Nanotechnology is the fastest growing technology in the world right now, and is an area where Norway wants to build a strong international research environment.
The same international research environment at NTNU is also looking at metastable liquids and gases, so-called metastable fluids. These are fluids that remain stable for a short period before they change state, without any apparent reason.
Researchers have found that these metastable fluids can be kept stable in nano-containers. These containers are so small that they prevent the fluids from changing, causing them to become superstable instead, which makes them much easier to study.
Researchers at NTNU have found a method to calculate the exact size that a nano-container needs to be to keep a given fluid stable. This offers new possibilities in understanding characteristics of these substances both for research and in the industry.
In the industry, characteristics of metastable fluids are relevant to understanding what happens during accidents where events happen quickly. An example is if a tanker full of liquid natural gas were to begin leaking. When the natural gas spills, it will exist in a metastable phase for some time, and then explode suddenly and violently.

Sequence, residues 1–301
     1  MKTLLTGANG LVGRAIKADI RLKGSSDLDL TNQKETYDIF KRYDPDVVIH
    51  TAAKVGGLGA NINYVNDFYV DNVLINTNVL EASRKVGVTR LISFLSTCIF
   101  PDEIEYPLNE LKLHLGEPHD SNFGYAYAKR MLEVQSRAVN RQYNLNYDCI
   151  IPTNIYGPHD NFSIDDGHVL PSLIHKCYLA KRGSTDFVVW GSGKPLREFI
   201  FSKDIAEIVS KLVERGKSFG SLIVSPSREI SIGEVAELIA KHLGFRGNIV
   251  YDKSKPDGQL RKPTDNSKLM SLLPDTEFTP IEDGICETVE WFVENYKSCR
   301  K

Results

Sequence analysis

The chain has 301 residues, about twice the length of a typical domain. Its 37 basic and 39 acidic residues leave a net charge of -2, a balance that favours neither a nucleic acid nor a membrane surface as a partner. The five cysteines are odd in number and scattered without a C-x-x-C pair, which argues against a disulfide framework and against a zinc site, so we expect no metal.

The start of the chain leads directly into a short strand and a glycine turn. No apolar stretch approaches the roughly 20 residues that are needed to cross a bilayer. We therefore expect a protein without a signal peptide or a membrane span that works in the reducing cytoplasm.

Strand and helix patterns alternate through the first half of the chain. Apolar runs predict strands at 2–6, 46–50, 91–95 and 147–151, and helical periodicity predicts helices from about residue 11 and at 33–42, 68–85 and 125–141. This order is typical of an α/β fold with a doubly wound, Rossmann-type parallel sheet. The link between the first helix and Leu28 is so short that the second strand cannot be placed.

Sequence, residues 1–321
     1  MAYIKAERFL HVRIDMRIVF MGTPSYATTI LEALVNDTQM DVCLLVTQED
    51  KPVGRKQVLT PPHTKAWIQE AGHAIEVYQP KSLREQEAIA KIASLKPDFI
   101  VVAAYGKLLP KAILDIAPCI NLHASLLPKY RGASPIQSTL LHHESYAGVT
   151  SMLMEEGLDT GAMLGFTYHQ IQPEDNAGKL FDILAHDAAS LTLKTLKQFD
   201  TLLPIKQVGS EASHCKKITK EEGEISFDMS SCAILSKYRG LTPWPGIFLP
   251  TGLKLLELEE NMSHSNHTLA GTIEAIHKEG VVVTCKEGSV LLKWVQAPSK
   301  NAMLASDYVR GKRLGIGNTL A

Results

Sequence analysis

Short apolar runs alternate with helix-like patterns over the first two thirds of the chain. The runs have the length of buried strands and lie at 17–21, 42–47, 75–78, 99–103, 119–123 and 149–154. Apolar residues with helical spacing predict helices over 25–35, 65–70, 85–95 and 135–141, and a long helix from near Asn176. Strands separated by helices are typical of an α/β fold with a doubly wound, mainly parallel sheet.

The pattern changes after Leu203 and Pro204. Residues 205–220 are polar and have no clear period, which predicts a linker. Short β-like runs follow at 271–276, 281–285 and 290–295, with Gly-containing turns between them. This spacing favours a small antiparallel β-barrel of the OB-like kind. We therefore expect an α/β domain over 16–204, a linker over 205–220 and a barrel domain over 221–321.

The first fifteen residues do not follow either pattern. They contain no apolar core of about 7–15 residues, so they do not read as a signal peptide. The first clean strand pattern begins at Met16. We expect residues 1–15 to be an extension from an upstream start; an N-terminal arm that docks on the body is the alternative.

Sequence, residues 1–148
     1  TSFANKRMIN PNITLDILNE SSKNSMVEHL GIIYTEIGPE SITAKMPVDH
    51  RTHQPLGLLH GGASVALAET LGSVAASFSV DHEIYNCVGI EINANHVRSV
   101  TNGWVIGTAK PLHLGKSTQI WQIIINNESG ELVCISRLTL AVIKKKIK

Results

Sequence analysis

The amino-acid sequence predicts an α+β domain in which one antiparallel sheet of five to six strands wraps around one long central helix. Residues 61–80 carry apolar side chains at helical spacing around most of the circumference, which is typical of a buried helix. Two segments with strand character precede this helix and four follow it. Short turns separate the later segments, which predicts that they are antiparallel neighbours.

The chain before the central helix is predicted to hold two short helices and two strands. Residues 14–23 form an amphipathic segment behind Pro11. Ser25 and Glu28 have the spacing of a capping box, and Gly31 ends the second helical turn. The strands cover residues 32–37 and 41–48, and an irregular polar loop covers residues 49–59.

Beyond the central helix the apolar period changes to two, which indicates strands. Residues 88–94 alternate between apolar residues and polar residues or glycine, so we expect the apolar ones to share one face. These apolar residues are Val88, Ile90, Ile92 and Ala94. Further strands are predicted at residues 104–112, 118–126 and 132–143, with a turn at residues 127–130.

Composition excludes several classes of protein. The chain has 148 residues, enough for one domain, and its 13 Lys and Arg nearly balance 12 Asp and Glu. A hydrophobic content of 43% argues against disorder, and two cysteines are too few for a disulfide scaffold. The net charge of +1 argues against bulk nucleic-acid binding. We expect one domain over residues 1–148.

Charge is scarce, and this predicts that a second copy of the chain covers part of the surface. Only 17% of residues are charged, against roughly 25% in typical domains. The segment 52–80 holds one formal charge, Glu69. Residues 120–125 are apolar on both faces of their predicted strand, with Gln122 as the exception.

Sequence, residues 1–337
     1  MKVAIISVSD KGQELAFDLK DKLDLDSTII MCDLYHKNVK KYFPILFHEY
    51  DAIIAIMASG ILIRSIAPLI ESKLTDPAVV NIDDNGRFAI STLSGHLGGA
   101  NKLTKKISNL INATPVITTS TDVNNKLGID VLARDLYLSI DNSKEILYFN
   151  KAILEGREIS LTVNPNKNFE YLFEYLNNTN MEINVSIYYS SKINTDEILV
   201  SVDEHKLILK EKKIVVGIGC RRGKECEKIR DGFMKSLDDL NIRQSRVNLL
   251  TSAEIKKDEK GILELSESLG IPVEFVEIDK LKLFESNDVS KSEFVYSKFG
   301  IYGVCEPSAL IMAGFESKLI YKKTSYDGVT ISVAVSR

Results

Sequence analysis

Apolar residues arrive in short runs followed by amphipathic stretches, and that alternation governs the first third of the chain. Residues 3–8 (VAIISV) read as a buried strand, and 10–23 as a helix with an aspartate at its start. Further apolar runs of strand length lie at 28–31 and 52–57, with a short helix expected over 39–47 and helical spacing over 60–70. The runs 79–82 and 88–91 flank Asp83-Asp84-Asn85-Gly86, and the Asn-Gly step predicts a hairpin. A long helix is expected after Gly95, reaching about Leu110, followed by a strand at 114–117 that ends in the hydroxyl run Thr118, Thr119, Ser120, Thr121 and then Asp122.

If a pipeline transporting CO2 were to leak or go through a sudden pressure change, the CO2 may also become metastable.
It is important to understand metastable fluids to be able to predict what will happen during accidents. If you can make predictions, you can take precautions. This is where nanotechnology comes into the picture.
Van Erp and Wilhelmsen, together with Thuat T. Trinh, Signe Kjelstrup and Dick Bedeaux recently had their methods for calculating heat and mass transport published in the prestigious journal Physical Review Letters.
Results from the superstability research were published in the Journal of Chemical Physics, where Wilhelmsen collaborated with Kjelstrup, Bedaux and David Reguera.